Belfast Telegraph

Invest NI in credit, but hard questions still need answered

By John Simpson

Invest NI's figures for the year ended March 31 2011 reveal that "despite the serious challenges . . . the agency exceeded all of its key targets . . ."

The headlines for Invest NI were: Investment commitments by client businesses amounted to £638m; 41 inward investment projects promised 2,816 new jobs and investment in R&D and innovation rose to £147m.

These are positive developments. The end of year statement details a long list of gains. However, despite the prevailing impact of a serious recession, it makes no explicit assessment of the quantitative impact of that recession and the success or failure of Invest NI clients when responding.

Invest NI deserves credit for the positive gains but the credit should be qualified.

The Key Performance Targets for 2010-11 included the promotion of 1,800 new jobs as part of the development of new foreign direct investment. The published results showed the promotion of 2,816.

To achieve 56% more than your target is good news but it does raise a doubt about the realism of the target. Similarly the target for additional client investment of £277m was exceeded by 65% to reach £457m.

Also relevant is the impact of Invest NI in influencing improved earnings levels for employees. The estimates were that the new projects would generate 1,931 jobs (out of the target of 1,800!) with salaries above the private sector median comparator. The outcome, at 2,279, was 18% better.

To develop a fuller picture of the interaction of Invest NI with its clients, Invest NI has provided supplementary evidence on some of the basic trends on the overall performance of clients including total employment by its clients, changes in overall output and export performance.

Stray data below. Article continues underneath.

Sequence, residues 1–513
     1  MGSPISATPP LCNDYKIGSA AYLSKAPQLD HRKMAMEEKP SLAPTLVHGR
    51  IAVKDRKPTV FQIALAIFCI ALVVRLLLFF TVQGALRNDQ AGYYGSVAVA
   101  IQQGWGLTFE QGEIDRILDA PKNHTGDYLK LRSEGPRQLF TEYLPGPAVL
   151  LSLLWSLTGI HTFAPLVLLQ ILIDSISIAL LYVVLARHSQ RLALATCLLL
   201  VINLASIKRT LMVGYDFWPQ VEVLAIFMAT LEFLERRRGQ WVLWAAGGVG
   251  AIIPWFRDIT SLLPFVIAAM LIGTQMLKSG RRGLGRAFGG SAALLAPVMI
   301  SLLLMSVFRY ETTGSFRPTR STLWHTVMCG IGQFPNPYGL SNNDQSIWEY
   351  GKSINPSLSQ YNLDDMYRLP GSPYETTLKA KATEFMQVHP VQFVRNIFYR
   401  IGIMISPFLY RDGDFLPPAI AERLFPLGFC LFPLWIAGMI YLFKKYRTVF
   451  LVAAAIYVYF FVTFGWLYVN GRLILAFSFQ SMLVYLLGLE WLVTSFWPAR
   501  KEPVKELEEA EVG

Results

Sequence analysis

In 2007-8, Invest NI clients had 120,000 employees. Although there has been major new investment since then, with the promotion of an average of 5,000 jobs each year, such has been the 'running hard to stand still' impact that in each of the two following years, the total number employed fell to about 112,000 in 2009-10.

Invest NI clients have reduced employment in parallel to the rest of the economy. It is no criticism of Invest NI that some of its clients reduced their employment. In a recession, that is unavoidable.

The report offers some evidence on whether Invest NI obtained value for money. Financial assistance offered to investors fell in 2010-11 to £108m. This was the lowest of the last four years. However, total planned investment by businesses was also lower than other recent years.

The ratio of assistance to total investment, at an average of 17%, was broadly in line with those recent years with an exception in 2009-10 when the ratio rose to 27%.

The supplementary evidence also confirms that the recession has affected output and external sales by Invest NI clients. Sales (or turnover) by clients have fallen by 13% in the two years 2008-10 and external sales in the same period fell by 13%.

Against this background, which is a reflection of what has been happening in the wider economy, the positive gains in 2010-11 can be seen as a notable performance.

Two reassuring developments emerged from the Invest NI statement.

First, in an overdue focus on a serious deficiency in the linking of Invest NI with a stronger urban regeneration policy, a commitment has been made to aim for 1,500 jobs in businesses in Neighbourhood Renewal Areas. The test now lies in the particular incentives for these needy urban areas. Invest NI will need to attract a broad range of businesses of which 'Go for It' applicants would be only a small element.

Second, there is confirmation that Invest NI has prepared a case for the European Commission to gain an extension or variation in the rules on selective financial assistance after the proposed end date of 2013. This case will need to be persuasive and will need political backing.


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